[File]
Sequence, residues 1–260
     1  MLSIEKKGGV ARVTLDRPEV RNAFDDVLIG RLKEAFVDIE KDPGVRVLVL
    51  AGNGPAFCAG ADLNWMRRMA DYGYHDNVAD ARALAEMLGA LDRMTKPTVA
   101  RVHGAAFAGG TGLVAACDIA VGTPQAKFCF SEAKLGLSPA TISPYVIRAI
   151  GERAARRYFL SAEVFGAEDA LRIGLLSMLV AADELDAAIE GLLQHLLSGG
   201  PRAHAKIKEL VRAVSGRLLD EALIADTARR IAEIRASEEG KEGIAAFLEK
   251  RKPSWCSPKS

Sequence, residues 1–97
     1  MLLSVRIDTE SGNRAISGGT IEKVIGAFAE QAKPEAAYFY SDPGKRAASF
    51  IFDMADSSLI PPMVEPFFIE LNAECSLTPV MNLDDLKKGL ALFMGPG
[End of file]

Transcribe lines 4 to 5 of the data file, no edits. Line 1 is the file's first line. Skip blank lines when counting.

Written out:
   101  RVHGAAFAGG TGLVAACDIA VGTPQAKFCF SEAKLGLSPA TISPYVIRAI
   151  GERAARRYFL SAEVFGAEDA LRIGLLSMLV AADELDAAIE GLLQHLLSGG